A tuition freeze proved to be the most popular part of the University of Minnesota’s proposed budget during a pair of meetings Wednesday.

But students and members of the Board of Regents also worried that the tuition relief for in-state undergraduates might burden graduate and professional students. Others wondered whether the plan sets the university up for future problems.

President Eric Kaler fielded praise, questions and complaints about his 2014 operating budget, which spends about $61 million more than in 2013 or a 1.9 percent increase.

“I am proud of this budget,” he told the regents. “It provides enormous cost relief for our students.”

After lauding the budget for its two-year tuition freeze and more than $10 million in administrative cuts, Regent Laura Brod raised concerns about whether its new spending “could potentially eat up the freeze” in future years.

“I want to make sure that we’re preparing to assure those students they don’t have a big leap [in tuition] after the freeze is done,” she said. “And to assure the students that we are holding our spending.”

But most regents praised the plan, which they will vote on next week.

During a public forum, professors, students and staffers congratulated Kaler for persuading the Legislature to fund a two-year tuition freeze for in-state undergraduates. Taylor Williams, outgoing president of the Minnesota Student Association, said the freeze and “absence of major fee increases” will “make a difference in students’ lives.”

“It could mean less debt or perhaps even allow students to work fewer hours … and focus more on academics,” Williams said.

Several deans and professors applauded the state’s $17.8 million investment in research and promised big gains in cutting-edge fields such as neuromodulation. That funding for four research areas, which the U has dubbed MnDRIVE, will allow the university to hire 50 new faculty members and 70 graduate students, Kaler said.

Critics blast cuts, costs

But there was criticism from many of Wednesday’s two dozen speakers, a third of whom were members of AFSCME Local 3800, the union representing clerical workers. They blasted coaches’ salaries, rising health care costs and job cuts. They urged the regents to rein in administrative spending.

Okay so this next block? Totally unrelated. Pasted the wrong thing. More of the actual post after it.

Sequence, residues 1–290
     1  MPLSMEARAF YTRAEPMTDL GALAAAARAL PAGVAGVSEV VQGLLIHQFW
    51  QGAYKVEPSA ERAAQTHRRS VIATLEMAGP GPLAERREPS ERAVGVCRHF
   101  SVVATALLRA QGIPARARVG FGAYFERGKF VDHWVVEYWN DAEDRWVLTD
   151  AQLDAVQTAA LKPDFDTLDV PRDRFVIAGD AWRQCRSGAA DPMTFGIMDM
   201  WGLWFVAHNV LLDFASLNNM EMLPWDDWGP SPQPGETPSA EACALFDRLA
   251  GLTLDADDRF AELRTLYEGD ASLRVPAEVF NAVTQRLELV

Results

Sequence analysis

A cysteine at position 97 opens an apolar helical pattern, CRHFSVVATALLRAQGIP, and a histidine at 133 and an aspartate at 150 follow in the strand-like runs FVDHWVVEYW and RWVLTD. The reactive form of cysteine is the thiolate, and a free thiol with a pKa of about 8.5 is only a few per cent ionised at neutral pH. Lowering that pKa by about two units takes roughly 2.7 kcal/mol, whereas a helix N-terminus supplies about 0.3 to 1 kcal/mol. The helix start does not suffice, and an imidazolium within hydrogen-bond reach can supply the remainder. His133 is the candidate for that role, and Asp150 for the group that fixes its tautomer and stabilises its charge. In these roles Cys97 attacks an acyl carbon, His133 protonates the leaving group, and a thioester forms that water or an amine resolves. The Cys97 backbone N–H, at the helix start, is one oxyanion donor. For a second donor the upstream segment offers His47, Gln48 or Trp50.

Many speakers also expressed misgivings about the rising price tag for graduate and professional programs.

Prof. Russell Luepker questioned proposed tuition increases for medical students, who are among the most indebted in the nation. The average debt load for 2012 graduates of the U Medical School was $174,700, more than the national average, according to an annual survey by the Association of American Medical Colleges.

“It is not surprising these students don’t choose to practice in family medicine, psychiatry or geriatrics — specialties we are going to need badly — but instead tend to work in affluent suburbs in other specialties,” said Luepker, Mayo Professor of Public Health in the U’s School of Public Health. “Being first in tuition and student debt is not an aspirational goal.”

Prices for those in-state students would rise 2 percent to 4.7 percent, depending on the year in school.

Several regents shared that concern for professional students. Regent John Frobenius said he doesn’t understand the proposed increases for medical students and worries about the 9 percent tuition increase for first-year, resident law students. That would bring their annual tuition to $38,040.

The Law School’s leaders believe that having higher tuition, plus greater scholarships, “lets them shape a class” and maintain their national ranking, Kaler said. “I do defer to the expertise of deans of colleges.”

Legislators are clearly focused on undergraduates, Kaler added, partly because they believe graduate and professional students have more to gain from their degrees. “Frankly, there’s less political enthusiasm around the cost of graduate education.”